Is it a bird? Is it a plane? No, even better, it’s a super selection of fresh picks, plucked from the App Store, especially for you.
But that’s not all I’ve got in store for you this weekend: After perusing the week’s happenings right here at TheAppleBlog, I’ve prepared a swift run-down of Apple (s aapl) news from the past seven days.
The folks over at Amazon (s amzn) kicked off the week by dropping an update to the Kindle for iPhone app. A few weeks back, Amazon acquired the company behind Stanza, the free e-Book reader. It seems as if Amazon is still pushing forward with the Kindle for iPhone app, rather than, as I would have expected, focusing its efforts, and considerable resources, on rolling Stanza and Kindle into one.
TheAppleBlog’s Henry Balanon helped melt away those Monday blues with a new iPhone Dev Sessions tutorial. For coders and tech-minded musicians alike, this should be a particularly interesting one, as Henry’s latest article is all about creating a drum machine app for iPhone.
On Tuesday, Microsoft (s msft) launched a shot across the bow of Apple’s iPod, with its latest Zune advertisement. The ad features Apprentice-losing certified financial adviser Wes Moss, explaining why a Zune is much more of an economically savvy purchase than the iPod.
Perhaps signaling the end of the line for the iPhone 3G, Apple has now made it possible to purchase the device online. It’s the latest in a long line of what seems to be inventory-clearing tactics from Apple, making way for the rumored iPhone refresh this summer. Potential buyers should consider holding out for a possible iPhone announcement in the coming weeks.
Also this week, David Klein posted an excellent tutorial on setting up Google (s goog) Sync for Mac and iPhone. This is essential reading, both for Gmail users looking to integrate their iPhone more closely with their Google account and for MobileMe users looking for a free alternative to Apple’s service.
Moving on to the picks, this week I’ve been looking at When Sysadmins Ruled The Earth, Guru Meditation, Resident Evil: Degeneration and Peggle.
When Sysadmins Ruled The Earth (free)
Blogger, journalist, author and super-smart guy, Cory Doctorow, has had one of his excellent short stories brought to the iPhone, courtesy of Robot Comics. The story centers around a bunch of sysadmins as chance survivors of a global apocalypse. Although the comic book reader software is incredibly bare-bones, it doesn’t matter, as the story makes for incredibly compelling reading. For fans of short science-fiction stories, this is a must-have app for the iPhone and well worth checking out over the weekend.
Guru Meditation (free)
Whether you use your iPhone for work or play, it’s just as important to get away from the incessant flow of e-mails and PDFs, zombie apocalypses and pachinko-esque puzzles. If you want to relax but just can’t seem to break away from your iPhone, Guru Meditation could be just the app you need. Created as an homage to an old mythical Amiga game, Guru Meditation could be considered a game in the loosest sense; it’s more a tool for encouraging relaxation and calm, albeit with a retro Atari-style look. To play, you simply find a quiet place, sit in a comfortable meditative position and then hold the iPhone still for as long as possible.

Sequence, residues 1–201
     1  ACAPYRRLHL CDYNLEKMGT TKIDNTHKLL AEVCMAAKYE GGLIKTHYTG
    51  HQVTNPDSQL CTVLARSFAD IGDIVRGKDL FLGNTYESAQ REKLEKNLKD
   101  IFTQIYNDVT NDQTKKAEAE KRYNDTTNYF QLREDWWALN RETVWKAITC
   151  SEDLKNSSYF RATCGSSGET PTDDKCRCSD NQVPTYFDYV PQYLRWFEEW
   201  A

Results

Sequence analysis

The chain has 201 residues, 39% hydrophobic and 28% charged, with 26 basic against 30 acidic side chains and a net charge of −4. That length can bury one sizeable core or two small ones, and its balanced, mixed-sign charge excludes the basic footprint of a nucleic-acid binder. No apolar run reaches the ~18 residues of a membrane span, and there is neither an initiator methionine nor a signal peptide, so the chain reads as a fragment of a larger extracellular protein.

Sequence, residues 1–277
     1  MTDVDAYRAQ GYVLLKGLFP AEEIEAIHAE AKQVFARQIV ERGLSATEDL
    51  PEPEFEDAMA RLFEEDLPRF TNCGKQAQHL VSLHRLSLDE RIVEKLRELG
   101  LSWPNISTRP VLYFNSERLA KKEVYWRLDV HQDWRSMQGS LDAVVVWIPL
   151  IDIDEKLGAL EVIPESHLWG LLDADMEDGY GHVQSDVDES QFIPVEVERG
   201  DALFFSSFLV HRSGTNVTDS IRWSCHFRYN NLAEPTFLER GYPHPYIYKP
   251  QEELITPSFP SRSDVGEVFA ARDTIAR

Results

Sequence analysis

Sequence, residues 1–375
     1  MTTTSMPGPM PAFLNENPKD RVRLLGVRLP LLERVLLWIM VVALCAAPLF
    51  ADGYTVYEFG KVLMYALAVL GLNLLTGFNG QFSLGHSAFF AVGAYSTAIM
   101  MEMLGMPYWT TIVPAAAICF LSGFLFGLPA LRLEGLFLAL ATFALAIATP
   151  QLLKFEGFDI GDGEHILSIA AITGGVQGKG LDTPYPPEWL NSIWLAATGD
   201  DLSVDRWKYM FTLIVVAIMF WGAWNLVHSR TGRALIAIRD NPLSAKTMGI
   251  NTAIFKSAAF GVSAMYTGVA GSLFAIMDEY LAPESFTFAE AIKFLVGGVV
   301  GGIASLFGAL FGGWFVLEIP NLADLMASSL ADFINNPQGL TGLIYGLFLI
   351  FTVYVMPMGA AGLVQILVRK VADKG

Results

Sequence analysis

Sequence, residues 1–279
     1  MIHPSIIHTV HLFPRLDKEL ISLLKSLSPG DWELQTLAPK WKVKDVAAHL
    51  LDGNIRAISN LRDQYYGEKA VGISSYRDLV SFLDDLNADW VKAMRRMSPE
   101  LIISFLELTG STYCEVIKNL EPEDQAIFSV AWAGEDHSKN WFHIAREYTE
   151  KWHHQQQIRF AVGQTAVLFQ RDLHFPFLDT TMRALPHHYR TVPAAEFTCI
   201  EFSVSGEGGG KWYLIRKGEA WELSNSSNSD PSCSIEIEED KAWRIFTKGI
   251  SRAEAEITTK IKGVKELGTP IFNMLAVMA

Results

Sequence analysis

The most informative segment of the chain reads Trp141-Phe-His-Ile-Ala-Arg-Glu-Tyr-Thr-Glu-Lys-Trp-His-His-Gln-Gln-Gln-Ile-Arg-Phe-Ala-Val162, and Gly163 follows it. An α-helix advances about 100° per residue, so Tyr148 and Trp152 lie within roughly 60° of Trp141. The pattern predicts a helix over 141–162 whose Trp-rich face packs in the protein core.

Resident Evil: Degeneration ($6.99)
If meditating isn’t your bag, though, and you’re just on the lookout for another zombie head to pop, this may be just the app for you. Capcom’s Resident Evil: Degeneration is an incredibly faithful addition to the long-running series, featuring excellent 3D graphics, shake and tilt to fend off zombies or reload, and, of course, a panoply of disgruntled undead folk to unleash your sweet gunnishment upon. It’s a deep, action-packed experience, certainly ideal for fans of the series, and, at the moment, this is as close to console gaming as the iPhone can get.
We’re finishing up this week with Peggle — a pachinko-style puzzler, which is a genre that seems to be all the rage on the iPhone at the moment. Arguably one of the titles at the forefront of this genre, at least in the online casual gaming space, is PopCap’s Peggle. The iPhone version is astonishingly good value for money and an example of just how much of a better experience a little polish and attention to detail can bring. The game packs in 55 levels, various game modes, loads of score-modifiers, replays, and even an array of weird characters, all of whom give it an Adult Swim-lite vibe. Just like Rockchinko, which I reviewed earlier this week, it’s a brilliant game, but it could still do with downloadable levels and online connectivity.
That’s all the picks for this week. I’ll be back in seven days with more news from the week and picks from the App Store.
In the meantime, what apps have you been using this week?